It is possible to enter a sort name for a Release title, by adding an Alias to that Release, and filling out the Sort Name field of the Alias. This seems like a nice thing to have, especially if alphabetising a discography list of Releases by a particular Release Artist. However, I do not see many Releases which contain such aliases. One of the few I have found is Instruments of the Orchestra, The: The Oboe.
So, is it a good or a bad thing to enter an Alias for a Release which applies to the home area of that Release, but includes a sort name? If I go ahead and enter a few hundred such aliases, am I causing a Style problem or muddying the database?
I have an application where I could extract and use such sort names. I am tempted to make such entries for all Releases for which it helps my application.
No need to define this, as there is no general rule. This must be considered at the time of sorting and the order depends on the user’s display locale. E.g. in German ä sorts just like a, in Czech ä comes after a and in Swedish ä comes after z. Alphabetical order - Wikipedia has a nice overview over sorting in various languages.
You are correct, and I was clumsy with my wording. I meant, we would maybe want to define which language’s sort order rules apply to aliases which have a particular locale setting.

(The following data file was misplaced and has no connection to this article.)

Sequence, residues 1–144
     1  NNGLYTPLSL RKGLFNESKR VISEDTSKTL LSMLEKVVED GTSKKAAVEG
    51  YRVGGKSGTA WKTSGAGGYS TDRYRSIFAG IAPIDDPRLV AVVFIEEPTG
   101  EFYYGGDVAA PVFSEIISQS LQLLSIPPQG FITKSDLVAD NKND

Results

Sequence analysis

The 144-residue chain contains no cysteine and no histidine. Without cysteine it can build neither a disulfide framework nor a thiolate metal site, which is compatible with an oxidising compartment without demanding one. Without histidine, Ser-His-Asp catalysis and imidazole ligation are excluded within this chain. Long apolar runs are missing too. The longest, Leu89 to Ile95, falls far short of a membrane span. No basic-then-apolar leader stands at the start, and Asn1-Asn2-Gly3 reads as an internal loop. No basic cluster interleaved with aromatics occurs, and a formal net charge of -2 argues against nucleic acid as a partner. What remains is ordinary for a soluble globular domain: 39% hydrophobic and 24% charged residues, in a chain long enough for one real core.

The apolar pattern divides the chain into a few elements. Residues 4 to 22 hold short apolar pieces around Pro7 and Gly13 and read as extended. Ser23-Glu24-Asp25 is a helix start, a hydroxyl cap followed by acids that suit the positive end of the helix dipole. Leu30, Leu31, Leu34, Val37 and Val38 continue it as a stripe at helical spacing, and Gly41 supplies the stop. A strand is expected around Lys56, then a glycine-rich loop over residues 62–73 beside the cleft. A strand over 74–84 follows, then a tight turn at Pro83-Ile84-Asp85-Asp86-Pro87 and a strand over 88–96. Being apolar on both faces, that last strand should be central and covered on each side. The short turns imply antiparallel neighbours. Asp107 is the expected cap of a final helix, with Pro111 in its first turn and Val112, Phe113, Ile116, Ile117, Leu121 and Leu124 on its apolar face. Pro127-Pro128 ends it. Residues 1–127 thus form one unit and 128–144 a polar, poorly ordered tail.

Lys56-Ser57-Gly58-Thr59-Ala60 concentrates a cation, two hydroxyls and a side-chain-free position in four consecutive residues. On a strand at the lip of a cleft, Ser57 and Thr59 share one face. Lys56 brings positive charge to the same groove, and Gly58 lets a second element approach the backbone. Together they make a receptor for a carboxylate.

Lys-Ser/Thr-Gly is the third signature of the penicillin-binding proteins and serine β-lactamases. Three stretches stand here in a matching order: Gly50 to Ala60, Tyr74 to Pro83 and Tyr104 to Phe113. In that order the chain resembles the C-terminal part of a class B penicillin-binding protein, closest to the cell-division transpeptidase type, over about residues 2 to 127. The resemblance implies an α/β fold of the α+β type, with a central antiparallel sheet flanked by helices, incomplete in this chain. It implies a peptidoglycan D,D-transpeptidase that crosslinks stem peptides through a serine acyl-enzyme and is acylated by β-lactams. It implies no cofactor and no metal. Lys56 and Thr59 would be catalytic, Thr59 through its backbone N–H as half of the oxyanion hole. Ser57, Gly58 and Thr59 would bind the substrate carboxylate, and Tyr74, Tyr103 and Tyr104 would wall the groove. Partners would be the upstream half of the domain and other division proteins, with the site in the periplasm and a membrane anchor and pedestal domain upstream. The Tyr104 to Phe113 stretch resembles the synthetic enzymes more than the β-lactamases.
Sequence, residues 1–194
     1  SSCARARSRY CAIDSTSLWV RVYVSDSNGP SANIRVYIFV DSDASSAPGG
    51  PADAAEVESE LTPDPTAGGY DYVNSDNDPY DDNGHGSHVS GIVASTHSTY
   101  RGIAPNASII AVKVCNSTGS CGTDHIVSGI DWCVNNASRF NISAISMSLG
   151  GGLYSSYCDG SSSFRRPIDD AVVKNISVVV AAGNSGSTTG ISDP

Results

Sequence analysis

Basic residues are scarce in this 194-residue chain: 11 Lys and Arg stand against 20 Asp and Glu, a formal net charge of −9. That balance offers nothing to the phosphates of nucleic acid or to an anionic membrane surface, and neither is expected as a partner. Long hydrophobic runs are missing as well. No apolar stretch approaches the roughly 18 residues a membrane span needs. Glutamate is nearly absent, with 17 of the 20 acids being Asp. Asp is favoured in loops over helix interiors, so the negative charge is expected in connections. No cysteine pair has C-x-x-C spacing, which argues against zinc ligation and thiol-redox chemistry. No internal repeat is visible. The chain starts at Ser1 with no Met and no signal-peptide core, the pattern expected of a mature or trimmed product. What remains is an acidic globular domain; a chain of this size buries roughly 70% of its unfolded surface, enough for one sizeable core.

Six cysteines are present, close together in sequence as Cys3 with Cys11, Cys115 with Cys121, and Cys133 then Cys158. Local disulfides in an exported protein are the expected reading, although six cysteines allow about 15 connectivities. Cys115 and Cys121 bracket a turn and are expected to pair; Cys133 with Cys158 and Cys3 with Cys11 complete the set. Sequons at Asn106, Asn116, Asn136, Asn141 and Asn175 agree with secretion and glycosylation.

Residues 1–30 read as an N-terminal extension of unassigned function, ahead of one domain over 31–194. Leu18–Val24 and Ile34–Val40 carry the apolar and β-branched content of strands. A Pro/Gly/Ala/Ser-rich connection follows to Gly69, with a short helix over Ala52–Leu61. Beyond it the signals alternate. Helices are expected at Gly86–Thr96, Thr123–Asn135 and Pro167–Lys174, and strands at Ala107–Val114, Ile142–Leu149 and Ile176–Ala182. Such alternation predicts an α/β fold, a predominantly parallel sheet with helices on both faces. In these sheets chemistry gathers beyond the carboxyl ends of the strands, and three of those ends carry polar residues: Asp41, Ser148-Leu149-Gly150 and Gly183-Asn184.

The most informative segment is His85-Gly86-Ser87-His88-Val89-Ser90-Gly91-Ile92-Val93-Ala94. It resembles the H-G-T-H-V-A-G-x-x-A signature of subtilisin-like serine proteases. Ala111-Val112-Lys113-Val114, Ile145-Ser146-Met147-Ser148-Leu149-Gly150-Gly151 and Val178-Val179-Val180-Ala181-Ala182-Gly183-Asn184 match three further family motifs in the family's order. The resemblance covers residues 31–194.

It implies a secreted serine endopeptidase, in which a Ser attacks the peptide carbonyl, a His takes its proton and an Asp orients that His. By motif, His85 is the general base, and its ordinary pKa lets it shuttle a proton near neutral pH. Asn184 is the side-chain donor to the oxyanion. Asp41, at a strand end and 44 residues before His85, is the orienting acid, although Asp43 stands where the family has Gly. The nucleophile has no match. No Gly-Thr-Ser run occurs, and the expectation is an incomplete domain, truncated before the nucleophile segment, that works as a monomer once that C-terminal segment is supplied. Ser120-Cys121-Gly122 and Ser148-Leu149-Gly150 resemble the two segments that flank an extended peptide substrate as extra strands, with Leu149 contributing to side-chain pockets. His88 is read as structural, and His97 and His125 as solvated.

However, I just looked. The “locale” field on Aliases has values which are a language perhaps modified by a country, not an Area (i.e. geography). This is a good design.
Thus the obvious rule is, the value of an alias’s sort name field is collated according to the rules of the language given by that Alias’s locale field. And we would probably want to define how to collate sort names for Aliases which have their locale field empty.
No, that’s not quite correct. The rule must be that the application doing the sorting should choose an alias best matching the user’s locale. But the alias itself does then always sort the same. E.g. in a German user interface I expect a release starting with “ä” to sort the same as “a”, it doesn’t matter what language the name is.
Empty sort name can always fall back on the release name.
There’s no specific style, but I’d just sort as anything else: same as the title but with articles and whatnot at the end. There’s nothing bad about adding aliases matching the title or the title language (same as with other entities).
Once again, thank you for the correction, and my language was sloppy. I should have said, editors who want a Release collated well for a locale can enable that by defining an Alias for that locale with a proper sort name.
I think we might be talking past each other here.